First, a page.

“Scaling Readiness has been extensively tested under RTB and used to develop, implement and monitor scaling strategies for 8 innovation packages in 14 countries,” said joint author Cees Leeuwis of Wageningen University. “This approach is especially valuable as it can support scaling strategy design at both project and portfolio level.”
Findings from a farm typology study carried out as part of a collaboration between the CGIAR Consortium for Improving Agriculture-based Livelihoods in Central Africa (CIALCA) and the One Acre Fund, a large development organization promoting agricultural inputs in Rwanda, providing a starting point to fine-tune the scaling strategy by ensuring that rollout was more context- and client-specific.
“The approach taken here was to characterize One Acre Fund’s clients into distinct groups or farm household typologies, using an approach that allows us to understand farmer diversity at scale” explained co-author Marc Schut working with IITA and Wageningen University. “Next steps for this partnership are to validate the typologies and to (re-)design innovation packages and scaling strategies for specific farm types.”
Despite the strong potential of Farmer Business Schools to benefit large numbers of farming households, attempts to extend the uptake of this innovative model require rethinking both innovation and scaling. Using case studies in four Asian countries, this paper analyses the dynamics and roles of research and development partners involved in scaling the innovation.
“The conclusion we reached is that to scale such a complex model, it is imperative to adopt a systems understanding of innovation and scaling,” said co-author Arma Bertuso of the International Potato Center. “Also, research-development partnerships are critical to advancing such an understanding, resulting in greater prospects for wider adoption and impact.”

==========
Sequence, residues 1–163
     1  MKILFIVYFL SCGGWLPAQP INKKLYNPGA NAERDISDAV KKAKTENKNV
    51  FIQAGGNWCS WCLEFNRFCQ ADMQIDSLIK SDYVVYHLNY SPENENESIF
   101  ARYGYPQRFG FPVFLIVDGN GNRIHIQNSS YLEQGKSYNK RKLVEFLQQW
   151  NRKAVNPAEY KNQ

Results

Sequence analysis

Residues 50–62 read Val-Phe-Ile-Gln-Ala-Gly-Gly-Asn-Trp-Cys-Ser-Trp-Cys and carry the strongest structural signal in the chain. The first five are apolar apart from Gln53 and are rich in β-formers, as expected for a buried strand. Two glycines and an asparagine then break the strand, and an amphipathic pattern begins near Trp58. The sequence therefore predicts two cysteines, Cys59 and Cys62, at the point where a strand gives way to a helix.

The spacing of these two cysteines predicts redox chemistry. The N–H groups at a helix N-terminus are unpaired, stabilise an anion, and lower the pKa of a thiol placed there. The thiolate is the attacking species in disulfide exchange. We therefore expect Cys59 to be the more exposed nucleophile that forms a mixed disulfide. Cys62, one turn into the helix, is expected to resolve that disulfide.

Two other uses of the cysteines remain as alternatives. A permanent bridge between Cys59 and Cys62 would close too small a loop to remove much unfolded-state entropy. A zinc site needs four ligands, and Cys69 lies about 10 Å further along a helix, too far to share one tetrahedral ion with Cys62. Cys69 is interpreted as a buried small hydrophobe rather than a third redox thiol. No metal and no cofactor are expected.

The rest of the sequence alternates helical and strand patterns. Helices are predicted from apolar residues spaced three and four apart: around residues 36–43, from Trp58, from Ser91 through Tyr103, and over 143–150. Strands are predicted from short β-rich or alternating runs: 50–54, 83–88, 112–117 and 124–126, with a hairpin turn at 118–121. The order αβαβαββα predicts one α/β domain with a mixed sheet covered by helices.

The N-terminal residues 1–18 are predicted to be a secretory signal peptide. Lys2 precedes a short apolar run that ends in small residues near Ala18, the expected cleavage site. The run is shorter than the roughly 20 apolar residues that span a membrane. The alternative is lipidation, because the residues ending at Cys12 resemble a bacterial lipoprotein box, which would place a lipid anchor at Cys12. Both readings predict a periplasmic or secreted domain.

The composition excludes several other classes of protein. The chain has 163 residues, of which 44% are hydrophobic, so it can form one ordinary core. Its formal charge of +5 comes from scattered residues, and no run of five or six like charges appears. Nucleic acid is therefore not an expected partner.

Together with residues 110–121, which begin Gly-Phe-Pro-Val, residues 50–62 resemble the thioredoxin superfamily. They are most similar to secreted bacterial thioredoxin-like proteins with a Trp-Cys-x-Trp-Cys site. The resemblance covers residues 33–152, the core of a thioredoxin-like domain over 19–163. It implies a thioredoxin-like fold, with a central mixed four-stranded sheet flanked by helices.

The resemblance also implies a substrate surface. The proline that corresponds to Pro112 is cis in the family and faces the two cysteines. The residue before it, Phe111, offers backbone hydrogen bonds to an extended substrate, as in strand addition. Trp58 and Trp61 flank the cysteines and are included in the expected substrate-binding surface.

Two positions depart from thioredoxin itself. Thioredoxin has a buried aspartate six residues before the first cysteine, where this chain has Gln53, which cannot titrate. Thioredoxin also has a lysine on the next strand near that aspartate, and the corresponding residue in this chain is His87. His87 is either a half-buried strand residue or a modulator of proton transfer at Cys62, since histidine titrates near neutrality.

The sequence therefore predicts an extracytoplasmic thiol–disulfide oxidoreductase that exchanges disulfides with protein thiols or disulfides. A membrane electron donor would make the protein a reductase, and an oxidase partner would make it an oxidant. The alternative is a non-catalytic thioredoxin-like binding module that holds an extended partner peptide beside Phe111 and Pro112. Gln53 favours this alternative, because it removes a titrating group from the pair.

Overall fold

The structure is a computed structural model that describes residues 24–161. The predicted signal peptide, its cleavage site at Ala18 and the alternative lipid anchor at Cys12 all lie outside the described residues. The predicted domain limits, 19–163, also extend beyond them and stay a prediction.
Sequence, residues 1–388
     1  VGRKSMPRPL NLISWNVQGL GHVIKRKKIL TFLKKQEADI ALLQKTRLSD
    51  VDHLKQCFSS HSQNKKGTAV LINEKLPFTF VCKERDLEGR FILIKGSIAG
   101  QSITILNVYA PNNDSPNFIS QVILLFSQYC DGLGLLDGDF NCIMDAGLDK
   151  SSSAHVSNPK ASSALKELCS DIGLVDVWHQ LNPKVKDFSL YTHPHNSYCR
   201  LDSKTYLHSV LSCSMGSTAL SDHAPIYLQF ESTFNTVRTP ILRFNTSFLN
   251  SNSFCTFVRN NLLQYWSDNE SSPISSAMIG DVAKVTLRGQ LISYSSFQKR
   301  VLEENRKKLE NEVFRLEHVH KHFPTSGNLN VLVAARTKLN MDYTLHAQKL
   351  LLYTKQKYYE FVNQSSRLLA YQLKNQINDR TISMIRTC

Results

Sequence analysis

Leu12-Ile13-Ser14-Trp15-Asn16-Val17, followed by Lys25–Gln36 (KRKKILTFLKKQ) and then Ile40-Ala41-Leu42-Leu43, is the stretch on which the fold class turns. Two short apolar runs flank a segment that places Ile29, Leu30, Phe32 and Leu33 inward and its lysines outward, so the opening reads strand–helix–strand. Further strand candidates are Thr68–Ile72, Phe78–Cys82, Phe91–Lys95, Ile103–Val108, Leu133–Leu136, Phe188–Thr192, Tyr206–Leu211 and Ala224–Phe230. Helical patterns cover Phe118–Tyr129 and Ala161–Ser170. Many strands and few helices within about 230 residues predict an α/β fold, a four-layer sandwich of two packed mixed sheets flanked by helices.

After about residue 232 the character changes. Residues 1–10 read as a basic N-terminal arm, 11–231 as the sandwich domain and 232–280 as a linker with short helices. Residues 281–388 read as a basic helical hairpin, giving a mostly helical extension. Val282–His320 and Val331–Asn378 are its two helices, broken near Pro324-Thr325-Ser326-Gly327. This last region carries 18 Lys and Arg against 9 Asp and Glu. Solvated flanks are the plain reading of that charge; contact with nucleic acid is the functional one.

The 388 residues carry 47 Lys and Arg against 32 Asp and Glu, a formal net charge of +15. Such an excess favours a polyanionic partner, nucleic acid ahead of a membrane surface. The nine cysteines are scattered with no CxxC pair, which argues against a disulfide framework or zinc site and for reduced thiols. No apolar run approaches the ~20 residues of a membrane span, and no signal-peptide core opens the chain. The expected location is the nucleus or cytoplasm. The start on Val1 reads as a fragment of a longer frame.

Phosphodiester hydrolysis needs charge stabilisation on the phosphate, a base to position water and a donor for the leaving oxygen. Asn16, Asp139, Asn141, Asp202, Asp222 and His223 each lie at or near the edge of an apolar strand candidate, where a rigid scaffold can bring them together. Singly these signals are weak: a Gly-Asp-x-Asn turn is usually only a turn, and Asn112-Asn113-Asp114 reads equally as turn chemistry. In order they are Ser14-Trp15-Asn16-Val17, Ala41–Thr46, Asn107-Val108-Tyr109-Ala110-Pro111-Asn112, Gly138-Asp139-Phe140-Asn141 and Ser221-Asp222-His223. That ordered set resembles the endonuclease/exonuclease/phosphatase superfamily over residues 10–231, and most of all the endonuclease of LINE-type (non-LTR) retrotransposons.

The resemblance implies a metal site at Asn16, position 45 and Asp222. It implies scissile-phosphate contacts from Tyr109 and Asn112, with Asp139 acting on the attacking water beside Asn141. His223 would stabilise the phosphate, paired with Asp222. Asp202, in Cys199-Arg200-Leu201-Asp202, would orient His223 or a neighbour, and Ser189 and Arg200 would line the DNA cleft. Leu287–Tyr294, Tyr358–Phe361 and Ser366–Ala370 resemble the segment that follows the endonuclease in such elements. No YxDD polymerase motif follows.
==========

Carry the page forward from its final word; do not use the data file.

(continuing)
The Editorial to the Special Issue proposes three Research Domains for the Science of Scaling: (1) ‘Understand the big picture of scaling innovation’, which can inform more realistic ideas about the factors, conditions and dynamics that affect innovation and scaling; (2) ‘Develop instruments that nurture efficient and responsible scaling’, which comprises new approaches, concepts and tools that can facilitate the development of evidence-based scaling strategies; and (3) ‘Create a conducive environment for scaling innovation’, which focuses on institutional arrangements, partnership models, and monitoring and learning for scaling of innovation.
The Guest Editors conclude that “Working on the Special Issue has taught us valuable lessons about scaling of innovation in the agricultural research for development sector. First and foremost, there is a need to better understand and guide scaling processes and development more realistic ideas about how scaling happens in society. There is also a need to improve the alignment of short-term projects with long-term pathways that are associated with scaling innovation. The work on the Special Issue confirms that RTB is at the forefront of developing and applying the Science of Scaling in the CGIAR; something to be proud off!”